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In general, overall rates of same-sex filing in 2015 were highest in states that had legalized same-sex marriage prior to 2013 or in 2013.The UN Human Rights Council, expressing “grave concerns” over violence and discrimination against individuals based on sexual orientation and gender identity, commissioned the body’s first study on the topic [PDF] in 2011.In 2014 the council passed a resolution to combat anti-LGBT violence and discrimination.The authors estimate that about 250,450 same-sex couples filed joint tax returns in 2015.Over the prior two years, the number of same-sex filers increased by about 40 percent each year, from about 131,080 filers in 2013 and 183,280 in 2014.When comparing the incomes of all joint-filers nationwide aged 25-55 in 2015, female-female couples earn about 68 percent of what male-male couples earn.That’s roughly 10 percentage points greater than the widely cited “wage gap”—that women earn on average $0.78 for every $1 men earn.In states that had not legalized same-sex marriage until 2015, rates were relatively lower up to and including the year 2015.The percentage increase in same-sex filing, however, was relatively high in those states.Indeed, in previous decades, Census assumed that couples who reported being in same-sex relationships had checked the wrong box on the Decennial Census and other Census surveys.Further complicating the matter, many sample-based estimates not only lack statistical power to measure with precision the number or characteristics of smaller populations, such as the population of same-sex couples or gay and lesbian individuals, but also include measurement errors that poses particular challenges in identifying same-sex couples amidst the much larger population of different-sex couples.

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In general, overall rates of same-sex filing in 2015 were highest in states that had legalized same-sex marriage prior to 2013 or in 2013.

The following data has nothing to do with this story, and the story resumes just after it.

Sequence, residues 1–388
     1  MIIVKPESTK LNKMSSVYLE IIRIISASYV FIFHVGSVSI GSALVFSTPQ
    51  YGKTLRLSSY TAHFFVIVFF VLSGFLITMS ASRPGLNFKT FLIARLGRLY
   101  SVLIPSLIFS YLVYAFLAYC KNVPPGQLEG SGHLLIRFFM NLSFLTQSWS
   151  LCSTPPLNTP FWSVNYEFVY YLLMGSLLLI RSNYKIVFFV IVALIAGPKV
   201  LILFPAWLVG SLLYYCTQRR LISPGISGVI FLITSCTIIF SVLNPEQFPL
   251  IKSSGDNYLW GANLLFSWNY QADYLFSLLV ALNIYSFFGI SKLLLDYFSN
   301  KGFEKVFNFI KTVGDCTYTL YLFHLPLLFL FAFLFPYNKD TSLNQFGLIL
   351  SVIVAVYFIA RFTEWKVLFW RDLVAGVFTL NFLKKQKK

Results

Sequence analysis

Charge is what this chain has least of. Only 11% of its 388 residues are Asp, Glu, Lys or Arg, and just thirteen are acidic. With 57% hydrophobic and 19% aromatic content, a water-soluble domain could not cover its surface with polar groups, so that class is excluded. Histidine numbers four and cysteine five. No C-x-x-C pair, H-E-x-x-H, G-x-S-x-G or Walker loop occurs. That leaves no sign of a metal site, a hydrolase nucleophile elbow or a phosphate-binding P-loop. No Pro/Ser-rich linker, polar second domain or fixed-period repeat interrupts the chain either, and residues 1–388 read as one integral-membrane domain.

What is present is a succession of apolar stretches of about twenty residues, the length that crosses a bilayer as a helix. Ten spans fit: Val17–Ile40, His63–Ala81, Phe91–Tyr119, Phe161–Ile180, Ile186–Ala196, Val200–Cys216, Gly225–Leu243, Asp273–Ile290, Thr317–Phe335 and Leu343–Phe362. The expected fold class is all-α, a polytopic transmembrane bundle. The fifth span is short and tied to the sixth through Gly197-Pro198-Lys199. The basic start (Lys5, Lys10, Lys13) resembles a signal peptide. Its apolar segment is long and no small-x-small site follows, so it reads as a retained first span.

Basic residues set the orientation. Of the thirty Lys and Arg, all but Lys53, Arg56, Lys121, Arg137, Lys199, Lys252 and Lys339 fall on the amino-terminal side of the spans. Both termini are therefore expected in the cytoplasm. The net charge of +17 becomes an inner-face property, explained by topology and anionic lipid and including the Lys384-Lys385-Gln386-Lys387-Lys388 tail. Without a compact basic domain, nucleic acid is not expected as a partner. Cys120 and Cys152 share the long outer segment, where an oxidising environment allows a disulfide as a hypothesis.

The UN Human Rights Council, expressing “grave concerns” over violence and discrimination against individuals based on sexual orientation and gender identity, commissioned the body’s first study on the topic [PDF] in 2011.

In 2014 the council passed a resolution to combat anti-LGBT violence and discrimination.

The authors estimate that about 250,450 same-sex couples filed joint tax returns in 2015.

Over the prior two years, the number of same-sex filers increased by about 40 percent each year, from about 131,080 filers in 2013 and 183,280 in 2014.

||

In general, overall rates of same-sex filing in 2015 were highest in states that had legalized same-sex marriage prior to 2013 or in 2013.The UN Human Rights Council, expressing “grave concerns” over violence and discrimination against individuals based on sexual orientation and gender identity, commissioned the body’s first study on the topic [PDF] in 2011.In 2014 the council passed a resolution to combat anti-LGBT violence and discrimination.The authors estimate that about 250,450 same-sex couples filed joint tax returns in 2015.Over the prior two years, the number of same-sex filers increased by about 40 percent each year, from about 131,080 filers in 2013 and 183,280 in 2014.When comparing the incomes of all joint-filers nationwide aged 25-55 in 2015, female-female couples earn about 68 percent of what male-male couples earn.That’s roughly 10 percentage points greater than the widely cited “wage gap”—that women earn on average $0.78 for every $1 men earn.In states that had not legalized same-sex marriage until 2015, rates were relatively lower up to and including the year 2015.The percentage increase in same-sex filing, however, was relatively high in those states.Indeed, in previous decades, Census assumed that couples who reported being in same-sex relationships had checked the wrong box on the Decennial Census and other Census surveys.Further complicating the matter, many sample-based estimates not only lack statistical power to measure with precision the number or characteristics of smaller populations, such as the population of same-sex couples or gay and lesbian individuals, but also include measurement errors that poses particular challenges in identifying same-sex couples amidst the much larger population of different-sex couples.

men earn.In states that had not legalized same-sex marriage until 2015, rates were relatively lower up to and including the year 2015.The percentage increase in same-sex filing, however, was relatively high in those states.Indeed, in previous decades, Census assumed that couples who reported being in same-sex relationships had checked the wrong box on the Decennial Census and other Census surveys.Further complicating the matter, many sample-based estimates not only lack statistical power to measure with precision the number or characteristics of smaller populations, such as the population of same-sex couples or gay and lesbian individuals, but also include measurement errors that poses particular challenges in identifying same-sex couples amidst the much larger population of different-sex couples.